By Karen Carnabucci, LCSW, TEP
I preach, preach, preach to my clients about the importance of a support system, a tribe, a community. On Saturday in Lancaster, Pa., I felt the power of the tribe of women coming from all experiences, perspectives and backgrounds.
Some men, too. And children. And elders. And babies. And people of every color, both skin and hair. Some in wheelchairs and others standing ably. Some professional musicians, and some singing off key. Some model-pretty people and others average looking. Some loud and boisterous sporting bright pink hats, others primly holding a little modest sign with their fingertips.
We all need to feel connected to a community, and we especially need it now. The fact is that community in all its forms gives us strength and is the best antidote to anxiety and isolation.
We gathered at Penn Square, the central plaza in Lancaster, which was the capital of the United States for one day, on Sept. 27, 1777. I met some old friends, made some new friends and felt uplifted and inspired while standing and singing with hundreds of others speaking up for human rights and the human dignity of every person – and the earth herself – and knowing that hundreds of thousands of people were doing the same worldwide.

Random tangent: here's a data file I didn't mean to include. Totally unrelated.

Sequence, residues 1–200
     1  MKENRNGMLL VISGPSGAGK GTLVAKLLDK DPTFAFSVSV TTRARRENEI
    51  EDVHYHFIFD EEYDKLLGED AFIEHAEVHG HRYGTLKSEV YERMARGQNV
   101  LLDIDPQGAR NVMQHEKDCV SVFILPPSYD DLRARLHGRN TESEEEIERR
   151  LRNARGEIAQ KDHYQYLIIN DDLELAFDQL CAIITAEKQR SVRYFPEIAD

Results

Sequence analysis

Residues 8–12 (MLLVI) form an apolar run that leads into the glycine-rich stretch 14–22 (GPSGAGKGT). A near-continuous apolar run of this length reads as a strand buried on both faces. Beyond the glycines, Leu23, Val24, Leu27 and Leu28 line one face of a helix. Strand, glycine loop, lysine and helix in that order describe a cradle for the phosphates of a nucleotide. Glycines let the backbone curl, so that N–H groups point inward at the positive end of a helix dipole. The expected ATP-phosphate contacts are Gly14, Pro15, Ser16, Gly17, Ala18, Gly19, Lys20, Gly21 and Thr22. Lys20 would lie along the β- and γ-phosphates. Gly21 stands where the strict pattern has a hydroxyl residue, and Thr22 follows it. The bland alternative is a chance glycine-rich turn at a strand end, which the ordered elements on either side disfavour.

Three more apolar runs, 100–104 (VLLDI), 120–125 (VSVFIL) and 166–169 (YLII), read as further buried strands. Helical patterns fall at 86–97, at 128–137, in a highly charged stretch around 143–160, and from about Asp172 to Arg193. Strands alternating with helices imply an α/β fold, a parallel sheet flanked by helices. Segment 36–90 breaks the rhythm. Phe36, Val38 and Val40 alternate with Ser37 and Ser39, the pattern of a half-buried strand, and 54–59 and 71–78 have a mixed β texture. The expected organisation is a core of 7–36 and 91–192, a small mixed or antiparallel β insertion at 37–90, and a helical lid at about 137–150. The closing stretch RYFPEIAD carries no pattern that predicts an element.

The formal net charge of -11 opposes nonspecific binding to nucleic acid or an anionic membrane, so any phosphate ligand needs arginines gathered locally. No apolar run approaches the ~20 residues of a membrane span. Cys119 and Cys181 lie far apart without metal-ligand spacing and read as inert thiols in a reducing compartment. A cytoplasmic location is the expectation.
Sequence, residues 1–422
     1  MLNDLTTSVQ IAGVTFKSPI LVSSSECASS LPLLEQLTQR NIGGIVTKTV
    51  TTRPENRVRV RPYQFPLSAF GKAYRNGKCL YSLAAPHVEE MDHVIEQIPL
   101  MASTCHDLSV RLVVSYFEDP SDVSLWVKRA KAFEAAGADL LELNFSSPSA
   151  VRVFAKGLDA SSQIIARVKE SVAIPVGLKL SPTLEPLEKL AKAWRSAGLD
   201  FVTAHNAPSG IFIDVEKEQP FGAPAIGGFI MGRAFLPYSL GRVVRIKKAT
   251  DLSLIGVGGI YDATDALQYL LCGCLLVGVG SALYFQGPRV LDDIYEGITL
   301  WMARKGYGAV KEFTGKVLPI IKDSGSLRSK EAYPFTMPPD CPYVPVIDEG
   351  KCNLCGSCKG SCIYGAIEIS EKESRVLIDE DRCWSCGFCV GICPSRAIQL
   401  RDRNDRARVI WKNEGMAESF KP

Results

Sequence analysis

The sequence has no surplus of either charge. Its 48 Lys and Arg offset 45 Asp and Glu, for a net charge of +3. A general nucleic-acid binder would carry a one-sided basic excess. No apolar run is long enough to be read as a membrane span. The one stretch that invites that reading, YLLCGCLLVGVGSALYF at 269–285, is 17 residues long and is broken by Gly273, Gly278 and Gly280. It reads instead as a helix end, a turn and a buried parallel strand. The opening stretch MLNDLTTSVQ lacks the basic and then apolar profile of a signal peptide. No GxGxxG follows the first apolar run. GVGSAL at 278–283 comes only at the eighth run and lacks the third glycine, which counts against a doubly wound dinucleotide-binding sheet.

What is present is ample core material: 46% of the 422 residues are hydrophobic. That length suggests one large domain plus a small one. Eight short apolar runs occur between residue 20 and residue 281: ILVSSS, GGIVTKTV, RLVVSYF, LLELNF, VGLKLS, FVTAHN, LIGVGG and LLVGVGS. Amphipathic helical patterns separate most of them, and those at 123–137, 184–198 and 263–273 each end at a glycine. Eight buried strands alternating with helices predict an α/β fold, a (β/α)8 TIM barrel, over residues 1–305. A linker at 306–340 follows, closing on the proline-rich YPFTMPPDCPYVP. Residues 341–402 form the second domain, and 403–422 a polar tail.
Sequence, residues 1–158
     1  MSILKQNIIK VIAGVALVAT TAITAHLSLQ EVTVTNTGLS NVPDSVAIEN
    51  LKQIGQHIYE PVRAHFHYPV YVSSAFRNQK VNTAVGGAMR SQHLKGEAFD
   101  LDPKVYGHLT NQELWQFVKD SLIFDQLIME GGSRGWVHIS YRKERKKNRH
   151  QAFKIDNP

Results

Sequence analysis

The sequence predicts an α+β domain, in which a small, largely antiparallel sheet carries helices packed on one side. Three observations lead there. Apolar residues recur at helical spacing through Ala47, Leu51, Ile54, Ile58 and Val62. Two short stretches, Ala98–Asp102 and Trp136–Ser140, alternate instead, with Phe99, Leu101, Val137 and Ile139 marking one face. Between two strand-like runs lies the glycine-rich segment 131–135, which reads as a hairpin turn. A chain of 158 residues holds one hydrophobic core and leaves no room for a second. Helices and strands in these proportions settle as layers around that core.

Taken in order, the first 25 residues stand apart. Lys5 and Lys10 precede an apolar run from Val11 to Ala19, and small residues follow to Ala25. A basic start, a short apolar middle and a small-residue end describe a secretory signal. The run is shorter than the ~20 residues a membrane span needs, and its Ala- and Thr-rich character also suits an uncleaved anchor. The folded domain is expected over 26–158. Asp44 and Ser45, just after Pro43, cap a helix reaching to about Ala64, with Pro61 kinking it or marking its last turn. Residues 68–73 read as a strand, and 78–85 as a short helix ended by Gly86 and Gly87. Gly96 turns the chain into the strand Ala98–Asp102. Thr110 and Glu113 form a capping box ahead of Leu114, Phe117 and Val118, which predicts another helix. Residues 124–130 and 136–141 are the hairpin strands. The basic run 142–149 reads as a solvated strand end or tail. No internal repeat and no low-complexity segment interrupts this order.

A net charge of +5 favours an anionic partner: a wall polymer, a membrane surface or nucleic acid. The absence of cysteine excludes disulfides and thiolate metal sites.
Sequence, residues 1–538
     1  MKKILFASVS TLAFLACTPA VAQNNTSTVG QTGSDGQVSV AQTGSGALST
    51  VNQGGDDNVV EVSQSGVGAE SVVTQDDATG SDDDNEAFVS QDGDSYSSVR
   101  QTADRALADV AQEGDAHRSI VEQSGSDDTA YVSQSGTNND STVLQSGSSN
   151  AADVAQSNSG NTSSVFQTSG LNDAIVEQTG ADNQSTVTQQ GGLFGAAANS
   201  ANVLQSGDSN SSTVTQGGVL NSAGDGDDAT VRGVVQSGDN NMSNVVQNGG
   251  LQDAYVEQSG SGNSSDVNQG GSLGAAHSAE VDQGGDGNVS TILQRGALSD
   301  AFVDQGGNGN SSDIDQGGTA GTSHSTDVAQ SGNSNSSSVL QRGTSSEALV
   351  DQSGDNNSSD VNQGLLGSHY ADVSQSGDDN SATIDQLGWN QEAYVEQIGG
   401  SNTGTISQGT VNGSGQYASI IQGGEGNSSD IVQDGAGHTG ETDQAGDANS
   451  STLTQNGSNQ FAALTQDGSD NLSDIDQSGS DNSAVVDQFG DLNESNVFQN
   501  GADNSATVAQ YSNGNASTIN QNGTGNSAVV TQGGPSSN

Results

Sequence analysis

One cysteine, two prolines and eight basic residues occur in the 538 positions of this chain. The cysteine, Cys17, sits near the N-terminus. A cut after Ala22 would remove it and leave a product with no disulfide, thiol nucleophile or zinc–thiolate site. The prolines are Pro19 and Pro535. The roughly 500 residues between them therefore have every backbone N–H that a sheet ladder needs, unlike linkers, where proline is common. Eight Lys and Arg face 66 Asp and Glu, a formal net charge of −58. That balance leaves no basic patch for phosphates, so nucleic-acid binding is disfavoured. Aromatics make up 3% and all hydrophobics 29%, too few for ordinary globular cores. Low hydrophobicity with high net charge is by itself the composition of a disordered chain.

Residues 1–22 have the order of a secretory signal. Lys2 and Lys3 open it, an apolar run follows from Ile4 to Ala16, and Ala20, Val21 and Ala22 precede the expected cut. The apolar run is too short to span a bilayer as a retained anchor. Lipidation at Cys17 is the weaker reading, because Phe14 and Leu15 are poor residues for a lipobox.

Later I heard that the number was millions, not just thousands. I also heard from others questioning “why” we were marching. A few criticized the marchers for advocating murder of unborn children. Some were put off by four-letter language by one or two celebrities. Others believed that patriotism means following the new president. Others questioned if marching was a waste of time – that our words would be dismissed by the elites in power.
I can’t speak for the thousands of other people who marched on every continent on our planet – yes, even Antarctica! – but I can tell you why I marched.
And it was so good to march together with my tribe, who are different from me and very much part of my tribe despite our differences. And If I become transformed and feel uplifted and inspired, how might others change for the good? That is the true nature of community.
Karen Carnabucci, LCSW, TEP, is an author, trainer and psychotherapist who promotes, practices and teaches experiential methods including psychodrama, Family and Systemic Constellations, sand tray, mindfulness and Tarot imagery.